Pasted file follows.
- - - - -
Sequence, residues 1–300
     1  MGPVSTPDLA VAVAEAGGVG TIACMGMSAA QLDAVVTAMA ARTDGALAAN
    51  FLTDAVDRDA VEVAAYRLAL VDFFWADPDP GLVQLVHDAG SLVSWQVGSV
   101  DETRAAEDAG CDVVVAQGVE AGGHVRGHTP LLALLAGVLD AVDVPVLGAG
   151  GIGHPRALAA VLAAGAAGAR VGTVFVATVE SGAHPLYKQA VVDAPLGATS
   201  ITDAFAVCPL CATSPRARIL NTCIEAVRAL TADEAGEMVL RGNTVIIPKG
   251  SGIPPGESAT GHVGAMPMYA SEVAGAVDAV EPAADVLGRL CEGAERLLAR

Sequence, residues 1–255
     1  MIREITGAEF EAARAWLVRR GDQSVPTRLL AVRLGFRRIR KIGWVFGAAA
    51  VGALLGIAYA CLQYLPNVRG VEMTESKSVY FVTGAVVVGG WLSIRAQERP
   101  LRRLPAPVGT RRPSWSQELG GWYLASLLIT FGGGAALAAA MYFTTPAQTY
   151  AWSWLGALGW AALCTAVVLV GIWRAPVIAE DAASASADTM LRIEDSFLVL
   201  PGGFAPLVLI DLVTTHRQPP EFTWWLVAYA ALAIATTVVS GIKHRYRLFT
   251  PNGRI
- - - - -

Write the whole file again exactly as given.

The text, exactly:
Sequence, residues 1–300
     1  MGPVSTPDLA VAVAEAGGVG TIACMGMSAA QLDAVVTAMA ARTDGALAAN
    51  FLTDAVDRDA VEVAAYRLAL VDFFWADPDP GLVQLVHDAG SLVSWQVGSV
   101  DETRAAEDAG CDVVVAQGVE AGGHVRGHTP LLALLAGVLD AVDVPVLGAG
   151  GIGHPRALAA VLAAGAAGAR VGTVFVATVE SGAHPLYKQA VVDAPLGATS
   201  ITDAFAVCPL CATSPRARIL NTCIEAVRAL TADEAGEMVL RGNTVIIPKG
   251  SGIPPGESAT GHVGAMPMYA SEVAGAVDAV EPAADVLGRL CEGAERLLAR

Sequence, residues 1–255
     1  MIREITGAEF EAARAWLVRR GDQSVPTRLL AVRLGFRRIR KIGWVFGAAA
    51  VGALLGIAYA CLQYLPNVRG VEMTESKSVY FVTGAVVVGG WLSIRAQERP
   101  LRRLPAPVGT RRPSWSQELG GWYLASLLIT FGGGAALAAA MYFTTPAQTY
   151  AWSWLGALGW AALCTAVVLV GIWRAPVIAE DAASASADTM LRIEDSFLVL
   201  PGGFAPLVLI DLVTTHRQPP EFTWWLVAYA ALAIATTVVS GIKHRYRLFT
   251  PNGRI